Government reassures BBC about sporting 'crown jewels'

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by Simon Austin

Potential changes to the rules covering televised sport’s ‘crown jewels’ will ensure the major events remain on free channels despite more people watching online, the government has said.

The rights for major events including the Olympics, the World Cup and Wimbledon must be offered to free-to-air channels which can be received by at least 95% of the population under current rules. But, as reported by Prolific North last week, BBC Sport boss Barbara Slater was worried that rights could be lost ‘by the back door.’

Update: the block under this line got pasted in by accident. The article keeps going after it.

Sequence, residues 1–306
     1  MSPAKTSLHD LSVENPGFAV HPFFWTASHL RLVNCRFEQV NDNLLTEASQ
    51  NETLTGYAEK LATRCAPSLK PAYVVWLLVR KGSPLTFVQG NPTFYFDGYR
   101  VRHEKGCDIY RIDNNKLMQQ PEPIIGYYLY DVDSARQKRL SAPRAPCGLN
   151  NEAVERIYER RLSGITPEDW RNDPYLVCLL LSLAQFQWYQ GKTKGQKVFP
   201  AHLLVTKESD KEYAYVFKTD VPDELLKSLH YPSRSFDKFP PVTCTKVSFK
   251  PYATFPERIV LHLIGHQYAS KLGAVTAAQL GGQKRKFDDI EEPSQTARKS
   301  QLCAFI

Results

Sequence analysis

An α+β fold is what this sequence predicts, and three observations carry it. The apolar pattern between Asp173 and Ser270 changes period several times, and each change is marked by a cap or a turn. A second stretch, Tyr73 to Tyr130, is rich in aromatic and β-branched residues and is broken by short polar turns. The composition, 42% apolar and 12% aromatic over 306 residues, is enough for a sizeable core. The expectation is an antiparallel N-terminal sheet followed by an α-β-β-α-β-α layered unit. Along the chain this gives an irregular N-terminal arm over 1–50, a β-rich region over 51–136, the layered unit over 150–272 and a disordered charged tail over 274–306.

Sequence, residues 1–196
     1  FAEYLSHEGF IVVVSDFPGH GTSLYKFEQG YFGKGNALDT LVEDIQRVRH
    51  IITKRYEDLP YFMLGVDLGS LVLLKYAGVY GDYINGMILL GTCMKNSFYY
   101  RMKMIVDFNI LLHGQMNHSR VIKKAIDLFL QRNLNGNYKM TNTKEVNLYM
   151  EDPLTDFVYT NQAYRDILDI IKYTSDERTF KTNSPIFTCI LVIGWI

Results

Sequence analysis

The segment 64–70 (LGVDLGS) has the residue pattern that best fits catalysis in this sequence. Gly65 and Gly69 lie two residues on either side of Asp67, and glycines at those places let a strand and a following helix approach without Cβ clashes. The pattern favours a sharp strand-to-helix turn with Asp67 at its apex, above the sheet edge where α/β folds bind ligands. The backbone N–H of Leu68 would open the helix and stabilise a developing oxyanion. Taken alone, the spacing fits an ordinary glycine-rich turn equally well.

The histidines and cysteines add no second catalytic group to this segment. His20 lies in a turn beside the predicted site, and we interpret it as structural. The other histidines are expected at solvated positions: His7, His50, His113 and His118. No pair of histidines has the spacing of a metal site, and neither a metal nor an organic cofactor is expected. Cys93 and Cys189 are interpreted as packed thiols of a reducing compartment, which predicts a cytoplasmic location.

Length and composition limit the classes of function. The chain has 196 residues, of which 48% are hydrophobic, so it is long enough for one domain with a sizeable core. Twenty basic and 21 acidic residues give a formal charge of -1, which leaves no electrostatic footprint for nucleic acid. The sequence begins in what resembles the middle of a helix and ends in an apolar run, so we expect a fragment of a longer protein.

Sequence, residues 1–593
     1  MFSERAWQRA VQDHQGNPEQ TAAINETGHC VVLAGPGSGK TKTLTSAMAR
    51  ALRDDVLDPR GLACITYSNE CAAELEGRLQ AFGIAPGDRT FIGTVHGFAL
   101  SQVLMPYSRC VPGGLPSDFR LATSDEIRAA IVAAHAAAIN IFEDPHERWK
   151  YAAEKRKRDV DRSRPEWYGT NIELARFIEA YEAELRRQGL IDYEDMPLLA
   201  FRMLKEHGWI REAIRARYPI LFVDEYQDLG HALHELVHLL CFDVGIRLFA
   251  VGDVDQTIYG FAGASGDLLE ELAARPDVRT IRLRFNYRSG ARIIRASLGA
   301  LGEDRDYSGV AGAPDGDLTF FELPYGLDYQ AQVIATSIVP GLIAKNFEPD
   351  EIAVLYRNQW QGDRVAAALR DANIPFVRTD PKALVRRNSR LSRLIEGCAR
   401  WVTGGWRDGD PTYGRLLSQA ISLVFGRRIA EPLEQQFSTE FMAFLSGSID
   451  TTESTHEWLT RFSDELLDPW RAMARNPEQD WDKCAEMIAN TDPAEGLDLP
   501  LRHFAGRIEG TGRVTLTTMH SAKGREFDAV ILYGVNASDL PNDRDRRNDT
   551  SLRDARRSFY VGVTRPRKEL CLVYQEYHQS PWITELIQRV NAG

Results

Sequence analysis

The rules are based on the percentage of people watching television and do not cover the growth of apps and websites enabling people to watch online. However, the government will use the digital economy bill to give ministers the power to amend the qualifying criteria if it appears to be at risk.

“We want to future-proof these regulations so that in an ever-changing digital landscape the public will still have access to the crown jewels of sport on free-to-air channels,” Karen Bradley, the culture, media and sport secretary said.

“Sport has a unique power to have a hugely positive impact on people’s lives and it is right that the biggest events are available to all with their ability to inspire and encourage participation.”